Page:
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Roles for men in story ballets?

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avant-propos - This thread was spun off from a discussion in "Anything Goes" about writing libretti for story ballets. The original thread is titled "Rewriting stories for ballets" and BalletNYC made a very interesting post about the process:

Secondly, as a male in ballet, a had been keenly aware that the majority of the full length ballets female-centric (a new word, but you get the idea) in their base. I wanted to create a work which would not only give the principal male (Ichabod) the spotlight, but would also be a work that young boys would be interested in going to see, and ideally, encourage a new crop of young male dancers.

There's a lot of discussion material here. One of the reasons I think that older classical ballets get tweaked so often is to accommodate male dancers' natural desire to display their technique. How do people feel about this? I recall a brief solo for Junker Ove in "A Folk Tale" that to me was pretty obviously cobbled from music meant for a mime passage. But then again, when you were watching a dancer as interesting as Kenneth Greve, you wanted to get to see him dance. When have people seen good examples of incorporating advanced male technique into a classic and when has it crossed the line? For me, Nureyev's '92 Sleeping Beauty for POB crossed the line and then some. The Lilac Fairy was banished from Act III and even from the awakening - it was All Prince, All the Time.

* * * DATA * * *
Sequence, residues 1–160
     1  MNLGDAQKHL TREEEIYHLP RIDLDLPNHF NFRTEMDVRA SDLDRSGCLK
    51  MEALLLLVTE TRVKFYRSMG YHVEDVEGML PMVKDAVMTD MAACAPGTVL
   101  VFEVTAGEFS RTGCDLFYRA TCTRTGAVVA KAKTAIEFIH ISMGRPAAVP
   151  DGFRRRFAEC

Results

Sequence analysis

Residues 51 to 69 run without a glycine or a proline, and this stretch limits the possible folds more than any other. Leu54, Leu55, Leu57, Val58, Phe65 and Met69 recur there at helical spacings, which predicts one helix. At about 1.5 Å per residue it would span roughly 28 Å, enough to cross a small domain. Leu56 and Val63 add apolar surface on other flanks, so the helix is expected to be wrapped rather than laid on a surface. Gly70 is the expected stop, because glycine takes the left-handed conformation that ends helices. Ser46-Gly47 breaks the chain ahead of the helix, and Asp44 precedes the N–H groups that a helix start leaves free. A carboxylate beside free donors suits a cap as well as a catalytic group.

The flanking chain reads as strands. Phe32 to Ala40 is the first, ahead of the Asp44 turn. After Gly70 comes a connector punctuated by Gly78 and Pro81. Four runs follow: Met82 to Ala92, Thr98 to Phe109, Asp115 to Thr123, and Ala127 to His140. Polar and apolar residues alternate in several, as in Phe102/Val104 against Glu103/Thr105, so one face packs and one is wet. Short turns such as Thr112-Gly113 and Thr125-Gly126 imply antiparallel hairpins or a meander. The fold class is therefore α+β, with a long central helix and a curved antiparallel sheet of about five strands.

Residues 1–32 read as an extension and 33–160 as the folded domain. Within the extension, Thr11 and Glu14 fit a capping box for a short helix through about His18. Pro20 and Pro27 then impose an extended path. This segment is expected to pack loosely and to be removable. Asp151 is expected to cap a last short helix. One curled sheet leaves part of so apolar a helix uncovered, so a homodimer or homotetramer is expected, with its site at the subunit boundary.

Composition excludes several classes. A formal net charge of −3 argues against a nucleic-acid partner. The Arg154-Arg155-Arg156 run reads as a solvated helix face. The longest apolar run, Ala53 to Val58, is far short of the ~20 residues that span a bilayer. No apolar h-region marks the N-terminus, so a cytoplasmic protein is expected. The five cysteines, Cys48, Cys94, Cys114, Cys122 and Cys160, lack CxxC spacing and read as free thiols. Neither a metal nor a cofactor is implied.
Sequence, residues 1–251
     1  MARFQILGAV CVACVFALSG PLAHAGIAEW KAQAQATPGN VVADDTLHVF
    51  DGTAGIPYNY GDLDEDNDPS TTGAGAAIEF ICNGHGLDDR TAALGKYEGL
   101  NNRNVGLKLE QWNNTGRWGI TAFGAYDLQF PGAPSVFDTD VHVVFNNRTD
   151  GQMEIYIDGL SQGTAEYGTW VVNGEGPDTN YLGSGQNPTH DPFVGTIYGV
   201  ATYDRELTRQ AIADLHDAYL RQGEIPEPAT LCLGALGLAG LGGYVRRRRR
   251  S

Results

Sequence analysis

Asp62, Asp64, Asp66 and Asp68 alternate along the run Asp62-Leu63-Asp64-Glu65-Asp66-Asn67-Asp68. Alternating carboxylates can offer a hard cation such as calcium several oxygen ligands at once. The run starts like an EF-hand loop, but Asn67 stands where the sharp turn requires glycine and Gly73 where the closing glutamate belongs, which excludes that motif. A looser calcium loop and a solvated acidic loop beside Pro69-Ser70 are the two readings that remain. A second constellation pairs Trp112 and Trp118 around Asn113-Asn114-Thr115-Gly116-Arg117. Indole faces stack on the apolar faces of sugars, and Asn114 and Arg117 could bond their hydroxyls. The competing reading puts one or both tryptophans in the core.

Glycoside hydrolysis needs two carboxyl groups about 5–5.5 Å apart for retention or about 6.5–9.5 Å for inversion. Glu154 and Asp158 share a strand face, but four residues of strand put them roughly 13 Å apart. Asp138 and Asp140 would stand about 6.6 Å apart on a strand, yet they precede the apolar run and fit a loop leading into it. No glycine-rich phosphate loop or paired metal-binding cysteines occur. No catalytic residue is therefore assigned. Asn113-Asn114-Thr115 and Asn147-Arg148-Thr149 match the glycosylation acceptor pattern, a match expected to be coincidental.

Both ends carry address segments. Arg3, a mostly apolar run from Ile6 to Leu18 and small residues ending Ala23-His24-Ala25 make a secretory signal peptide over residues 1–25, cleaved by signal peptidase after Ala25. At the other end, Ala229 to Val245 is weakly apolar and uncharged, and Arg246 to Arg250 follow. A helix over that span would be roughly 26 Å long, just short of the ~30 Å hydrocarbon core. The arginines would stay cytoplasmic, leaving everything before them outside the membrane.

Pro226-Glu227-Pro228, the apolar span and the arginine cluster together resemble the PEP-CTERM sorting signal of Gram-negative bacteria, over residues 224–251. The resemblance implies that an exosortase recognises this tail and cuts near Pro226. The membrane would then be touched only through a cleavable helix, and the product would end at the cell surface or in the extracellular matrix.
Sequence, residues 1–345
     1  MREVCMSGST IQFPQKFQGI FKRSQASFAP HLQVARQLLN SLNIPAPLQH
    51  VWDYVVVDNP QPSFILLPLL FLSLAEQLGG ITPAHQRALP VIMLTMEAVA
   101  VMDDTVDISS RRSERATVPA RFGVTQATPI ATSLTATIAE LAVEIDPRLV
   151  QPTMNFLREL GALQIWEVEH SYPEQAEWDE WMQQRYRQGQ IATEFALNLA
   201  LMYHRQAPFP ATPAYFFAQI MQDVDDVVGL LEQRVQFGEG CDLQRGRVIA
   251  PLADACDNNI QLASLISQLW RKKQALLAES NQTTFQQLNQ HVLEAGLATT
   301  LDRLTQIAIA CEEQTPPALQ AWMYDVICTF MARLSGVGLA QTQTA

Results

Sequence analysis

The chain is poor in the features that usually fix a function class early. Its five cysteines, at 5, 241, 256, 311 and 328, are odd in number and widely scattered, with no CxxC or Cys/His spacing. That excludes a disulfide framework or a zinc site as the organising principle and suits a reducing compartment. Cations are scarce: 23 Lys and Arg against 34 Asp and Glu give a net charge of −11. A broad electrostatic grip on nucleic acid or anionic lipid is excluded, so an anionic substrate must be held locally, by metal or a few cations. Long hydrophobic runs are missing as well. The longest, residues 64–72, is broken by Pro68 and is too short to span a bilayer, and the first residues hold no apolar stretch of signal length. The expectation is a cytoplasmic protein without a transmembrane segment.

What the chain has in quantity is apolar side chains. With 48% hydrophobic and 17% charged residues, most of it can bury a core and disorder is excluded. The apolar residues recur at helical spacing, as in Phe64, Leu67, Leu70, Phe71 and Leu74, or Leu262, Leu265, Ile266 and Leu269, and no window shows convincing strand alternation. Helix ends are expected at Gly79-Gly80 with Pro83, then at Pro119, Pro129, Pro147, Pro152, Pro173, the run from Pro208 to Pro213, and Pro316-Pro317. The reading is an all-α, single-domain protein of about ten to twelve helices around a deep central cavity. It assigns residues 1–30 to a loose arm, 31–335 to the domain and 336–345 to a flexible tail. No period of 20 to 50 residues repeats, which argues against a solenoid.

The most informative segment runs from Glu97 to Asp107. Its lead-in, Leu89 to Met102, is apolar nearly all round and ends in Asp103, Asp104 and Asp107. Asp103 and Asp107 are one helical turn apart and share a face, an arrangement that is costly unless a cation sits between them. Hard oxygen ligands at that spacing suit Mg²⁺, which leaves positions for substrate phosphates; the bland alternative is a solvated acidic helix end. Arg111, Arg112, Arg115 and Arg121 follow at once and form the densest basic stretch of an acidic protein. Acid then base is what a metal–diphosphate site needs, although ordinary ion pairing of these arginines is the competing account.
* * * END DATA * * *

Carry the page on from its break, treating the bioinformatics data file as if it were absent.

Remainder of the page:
Alan touches on an issue that particularly resonates with dancers in smaller companies with fewer performances. If you're a man in Giselle, and you're not Albrecht, Hilarion or in the peasant pas, you're carrying wheat and maybe doing a mazurka in the first act. There isn't much for the men to dance. Add to that only doing 3-4 performances, and the creeping defensive trend towards more and more full length ballets and you've got some miserable, stifled men in your company. One solution, which Alan is trying, is new repertory. New repertory is always risky - look at Pied Piper, which I think was created for exactly the same reason, to afford opportunities for ABT's ever expanding roster of virtuoso demi-caractere men.